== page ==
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GE was the wrong kind of conglomerate

Today’s tech giants have one big advantage: a founding focus on software.

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  • Walter Frick
By Walter Frick

Executive editor

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General Electric is breaking itself up. By 2023, the famous US conglomerate will become three separate publicly listed businesses: one in healthcare, one in energy, and one in jet engines. Toshiba, the Japanese conglomerate founded in 1875, announced Friday that it will also break itself into three separate companies. Same with Johnson & Johnson, which will break in two.

It’s tempting to consider these developments a signal that the conglomerate is dead—many this week declared that to be the case. But what of the tech giants? Amazon spans e-commerce, cloud computing, movie and TV production, and groceries. Alphabet makes most of its money in search, but also owns businesses working in drug discovery, life extension, robotics, drone delivery, and autonomous vehicles. Even Facebook, which has focused on social media and messaging, makes gaming hardware and wants to be your at-home gym. In the face of these highly diversified companies, it’s more accurate to conclude that GE was just the wrong kind of conglomerate.

Over its 129 years, manufacturing-centric GE dabbled in insurance, finance, broadcast television, and consumer electronics. But for well over a decade, shareholders have pushed some industrial companies to break up or sell off unrelated businesses in an attempt to focus their operations. GE’s response to these concerns was that its advantage was in management. Today’s tech giants, by contrast, are excellent at making software. A stint as product manager at Google is the new GE management training.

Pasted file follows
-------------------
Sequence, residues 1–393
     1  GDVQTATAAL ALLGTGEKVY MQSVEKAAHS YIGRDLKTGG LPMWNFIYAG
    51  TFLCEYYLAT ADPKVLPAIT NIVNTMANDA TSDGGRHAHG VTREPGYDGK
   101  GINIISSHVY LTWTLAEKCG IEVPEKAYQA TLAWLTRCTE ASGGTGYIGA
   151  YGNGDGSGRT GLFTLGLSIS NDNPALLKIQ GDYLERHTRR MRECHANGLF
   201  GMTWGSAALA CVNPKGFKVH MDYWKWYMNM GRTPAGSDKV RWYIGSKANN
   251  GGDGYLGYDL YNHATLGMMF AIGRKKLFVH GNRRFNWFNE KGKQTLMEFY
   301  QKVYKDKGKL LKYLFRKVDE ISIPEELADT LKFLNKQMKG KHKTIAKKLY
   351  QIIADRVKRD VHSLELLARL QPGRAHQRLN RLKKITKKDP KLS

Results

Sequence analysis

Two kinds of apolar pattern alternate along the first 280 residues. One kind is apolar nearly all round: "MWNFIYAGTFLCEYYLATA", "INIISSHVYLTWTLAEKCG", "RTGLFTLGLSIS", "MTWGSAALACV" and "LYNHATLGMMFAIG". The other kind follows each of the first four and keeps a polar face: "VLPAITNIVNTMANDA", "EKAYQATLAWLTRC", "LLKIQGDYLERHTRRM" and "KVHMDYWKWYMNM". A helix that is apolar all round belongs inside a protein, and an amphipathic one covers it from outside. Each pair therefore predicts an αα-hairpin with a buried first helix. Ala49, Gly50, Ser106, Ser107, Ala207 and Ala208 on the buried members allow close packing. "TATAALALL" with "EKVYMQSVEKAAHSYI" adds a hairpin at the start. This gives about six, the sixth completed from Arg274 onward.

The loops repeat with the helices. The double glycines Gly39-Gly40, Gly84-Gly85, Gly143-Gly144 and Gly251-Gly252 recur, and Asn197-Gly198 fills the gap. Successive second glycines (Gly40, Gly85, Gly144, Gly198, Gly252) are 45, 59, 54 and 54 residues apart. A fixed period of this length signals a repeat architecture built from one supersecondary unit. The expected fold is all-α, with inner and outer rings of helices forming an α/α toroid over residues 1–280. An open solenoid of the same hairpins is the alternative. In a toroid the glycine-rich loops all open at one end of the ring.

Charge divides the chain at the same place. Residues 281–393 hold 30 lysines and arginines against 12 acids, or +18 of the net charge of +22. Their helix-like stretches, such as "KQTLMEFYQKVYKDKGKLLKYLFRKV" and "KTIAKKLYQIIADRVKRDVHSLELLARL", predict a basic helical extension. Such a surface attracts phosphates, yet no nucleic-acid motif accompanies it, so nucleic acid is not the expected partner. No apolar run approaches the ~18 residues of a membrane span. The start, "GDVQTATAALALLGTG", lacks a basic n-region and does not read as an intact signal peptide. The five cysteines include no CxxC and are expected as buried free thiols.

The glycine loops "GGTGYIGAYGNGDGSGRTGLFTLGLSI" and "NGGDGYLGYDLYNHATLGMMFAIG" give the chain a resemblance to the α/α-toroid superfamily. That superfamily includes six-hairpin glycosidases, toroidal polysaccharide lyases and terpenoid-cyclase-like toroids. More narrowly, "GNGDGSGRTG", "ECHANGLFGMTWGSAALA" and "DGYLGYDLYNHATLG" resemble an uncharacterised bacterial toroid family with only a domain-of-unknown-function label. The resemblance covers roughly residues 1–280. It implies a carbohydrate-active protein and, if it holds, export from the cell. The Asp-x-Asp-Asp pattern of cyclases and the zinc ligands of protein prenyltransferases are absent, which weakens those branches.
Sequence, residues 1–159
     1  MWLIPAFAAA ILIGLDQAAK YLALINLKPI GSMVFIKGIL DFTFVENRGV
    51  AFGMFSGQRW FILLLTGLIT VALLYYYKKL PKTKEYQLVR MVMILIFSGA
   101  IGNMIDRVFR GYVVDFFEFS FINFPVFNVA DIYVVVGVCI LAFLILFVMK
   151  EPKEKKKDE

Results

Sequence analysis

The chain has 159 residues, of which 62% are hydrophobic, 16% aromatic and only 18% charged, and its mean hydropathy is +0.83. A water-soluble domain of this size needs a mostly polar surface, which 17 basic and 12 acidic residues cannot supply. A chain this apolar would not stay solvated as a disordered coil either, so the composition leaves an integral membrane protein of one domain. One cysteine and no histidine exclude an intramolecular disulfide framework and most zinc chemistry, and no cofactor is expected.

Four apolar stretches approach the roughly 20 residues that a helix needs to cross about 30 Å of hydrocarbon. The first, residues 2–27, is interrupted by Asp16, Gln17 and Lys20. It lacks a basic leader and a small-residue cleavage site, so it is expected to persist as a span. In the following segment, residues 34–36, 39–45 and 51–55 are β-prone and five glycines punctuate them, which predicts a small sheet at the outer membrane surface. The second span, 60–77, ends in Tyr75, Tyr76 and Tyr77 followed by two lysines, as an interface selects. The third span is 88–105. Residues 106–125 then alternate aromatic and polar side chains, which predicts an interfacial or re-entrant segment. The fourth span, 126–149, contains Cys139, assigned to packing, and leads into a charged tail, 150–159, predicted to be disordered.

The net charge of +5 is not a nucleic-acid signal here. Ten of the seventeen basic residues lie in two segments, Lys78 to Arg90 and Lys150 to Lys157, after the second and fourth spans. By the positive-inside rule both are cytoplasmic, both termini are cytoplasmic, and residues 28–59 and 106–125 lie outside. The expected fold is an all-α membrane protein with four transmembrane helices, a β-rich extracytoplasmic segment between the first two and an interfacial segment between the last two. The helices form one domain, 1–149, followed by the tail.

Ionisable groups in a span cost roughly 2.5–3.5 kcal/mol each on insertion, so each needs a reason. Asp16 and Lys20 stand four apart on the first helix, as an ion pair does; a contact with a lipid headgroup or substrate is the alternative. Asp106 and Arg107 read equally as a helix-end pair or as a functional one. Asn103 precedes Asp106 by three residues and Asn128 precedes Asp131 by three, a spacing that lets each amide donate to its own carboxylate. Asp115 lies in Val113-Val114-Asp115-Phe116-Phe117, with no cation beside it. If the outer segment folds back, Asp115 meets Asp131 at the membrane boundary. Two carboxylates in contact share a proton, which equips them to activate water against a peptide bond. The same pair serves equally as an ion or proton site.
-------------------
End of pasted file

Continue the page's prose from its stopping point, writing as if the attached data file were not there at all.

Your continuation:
But there’s something difficult about becoming a software-centric company if you weren’t born one: Former GE CEO Jeff Immelt tried and failed to turn the conglomerate into a tech firm. The tech giants, for their part, largely choose to start or acquire tech firms as they expand into new markets, rather than buying established players. (Amazon’s purchase of Whole Foods is a notable exception, and has not been particularly successful.)

GE was formed by combining electrical businesses that Thomas Edison had created. It took decades for electricity to transform the US economy (pdf), and that transformation allowed GE to thrive. The same decades-long process is playing out for software, and only conglomerates on the right side of it are likely to win.

The backstory

  • GE is consciously un-thrupling. The company has been downsizing its portfolio for years. In 2013, GE sold off the rest of its stake in NBC Universal to Comcast for $16.7 billion; last May, it sold off its signature lightbulb business to Savant Systems.
  • Diversification was a hedge against risk. When one industry is in a downturn, another might be thriving, or so the argument goes. As this line of thinking gained popularity, Coca Cola acquired Columbia Pictures, and service industry giant Cendant bought companies ranging from Avis Car Rental to Match.com. The biggest winner? Investment banks, which profit whenever a company is bought or sold.
  • Execs now struggle to manage across sectors. In its heyday, GE trained managers to run a financial business as well as a manufacturing one. But while companies like Amazon and Alphabet have similar leadership structures, the model no longer makes sense for industrial giants. GE CEO Larry Culp said that splitting into three companies (pdf) will allow each to tailor investment strategies to “industry-specific dynamics.”